Space travel poses a wide range of dangers to astronaut health. Risks include exposure to ionizing radiation and microgravity, prolonged isolation and confinement, accelerated day–night cycles, extreme temperatures and other harsh environmental conditions. Beyond the low Earth orbit (LEO), medical supplies and equipment can not be restocked, and communications with ground-based mission control centres face delays. Many of the environmental hazards also apply to other living organisms, which are needed for sustainable habitats in space.

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Scientific research is underway to better understand these challenges, with ground-based as well as space-based experiments, including at the International Space Station (ISS). At the beginning of this month, NASA’s SpaceX Crew-6 successfully launched and arrived at the ISS, beginning over 200 science experiments. The hope is that the findings will inform future space missions. For example, the Cardinal Heart 2.0 project will test whether clinically approved drugs reduce microgravity-induced changes in heart-cell function as previously observed with tissue chips. Another experiment involves the collection of samples outside life-support vents of the ISS to examine whether microorganisms are released and if so how far they travel. Last year saw the deployment of NASA’s Biosentinel experiment, which sent yeast cells into heliocentric orbit in an automated microfluidic culturing device aboard a CubeSat. The platform gathers data to study the effects of deep space radiation on biological systems.

Biosentinel is the first study to observe biological effects in deep space in almost 50 years. To extend research to more experiments and missions beyond LEO, including manned ones such as to the Moon and Mars, maximally automated approaches are needed. AI and machine learning are expected to play a key role in these efforts. In 2021, NASA organized a workshop gathering biologists, clinicians and machine learning experts to envision how AI technologies will enable space biology research and personalized healthcare on board space missions.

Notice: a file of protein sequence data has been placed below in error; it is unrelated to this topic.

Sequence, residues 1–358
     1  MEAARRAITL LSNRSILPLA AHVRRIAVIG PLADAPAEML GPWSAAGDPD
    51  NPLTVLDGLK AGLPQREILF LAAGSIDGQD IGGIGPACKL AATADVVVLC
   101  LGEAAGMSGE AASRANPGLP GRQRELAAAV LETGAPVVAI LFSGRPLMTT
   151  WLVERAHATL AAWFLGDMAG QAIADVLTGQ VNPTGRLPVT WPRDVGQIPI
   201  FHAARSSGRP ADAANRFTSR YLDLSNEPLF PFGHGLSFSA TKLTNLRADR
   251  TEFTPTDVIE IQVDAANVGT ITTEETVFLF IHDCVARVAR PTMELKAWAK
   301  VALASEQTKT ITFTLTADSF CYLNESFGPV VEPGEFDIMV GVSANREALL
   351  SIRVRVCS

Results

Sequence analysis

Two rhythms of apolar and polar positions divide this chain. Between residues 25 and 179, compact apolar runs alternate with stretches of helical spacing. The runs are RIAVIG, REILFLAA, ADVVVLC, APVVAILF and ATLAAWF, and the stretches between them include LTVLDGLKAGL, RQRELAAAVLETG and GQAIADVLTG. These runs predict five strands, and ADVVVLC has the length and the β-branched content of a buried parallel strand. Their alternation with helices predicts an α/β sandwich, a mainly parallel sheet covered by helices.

In this issue of Nature Machine Intelligence, Sanders et al. and Scott et al. present the key outcomes of the workshop in two parallel Review articles entitled Biomonitoring and precision health in deep space supported by artificial intelligence and Biological research and self-driving labs in deep space supported by artificial intelligence. The articles describe a broad vision for the next decade regarding what capabilities need to be developed, how current machine learning approaches should be adapted to space and where technology and knowledge gaps exist.

In the first of these two Review articles, the workshop participants identify various broad areas for setting up a precision space health framework for space travellers. Special emphasis is put on integrating software with on-board hardware for data collection, data analysis and in-situ computation and inference, with the goal of building autonomous and Earth-independent systems, whose output can be accessed and analysed by the crew and Crew Medical Officer. The authors envision that longitudinal and continuous data are collected from three different layers: environmental sensors, non-invasive wearables and point-of-care devices, and from invasive measurements, such as from blood samples but also smart toilets and showers for microbiome profiling.

Advanced machine learning methods will be needed to process such multi-layered, multimodal data. Another challenge for a precision space health system is making useful predictions based on out-of-distribution data, given that representative training data is lacking. Methods are needed that, when initially pre-trained on Earth-based datasets, can adapt to data that are acquired in space flight.

The second article reviews existing capabilities in AI-assisted biology experiments, both Earth and space-based, and discusses what is needed for further automation in deep space missions. This leads to a focus on ‘self-driving labs’, where, in a closed-loop system, a machine learning model can choose the experimental design and parameters for testing a particular hypothesis, producing data that, in turn, informs the machine learning model.

An overarching challenge mentioned in both articles is the collection and maintenance of large amounts of data of various types, from omics datasets to behavioural observations. The authors emphasize the need for standardization of space data and metadata, advocating the development of an open science approach building on ‘FAIR’ principles1 for data management (findable, accessible, interoperable and reusable).

There is a revival of interest in deep space exploration with manned missions, as well as a growing interest in commercial space travel. AI-enabled autonomous monitoring, research and precision healthcare will be key technologies. There are already strong converging developments in this area, such as in efficient and robust computing hardware for AI, wearable devices, automated biological experimental platforms, advanced machine learning models and more. The launch of crewed deep space missions may be some years off, but there could soon be spin-off applications for Earth-based healthcare, in providing reliable medical care, screening and treatment for remote and isolated areas.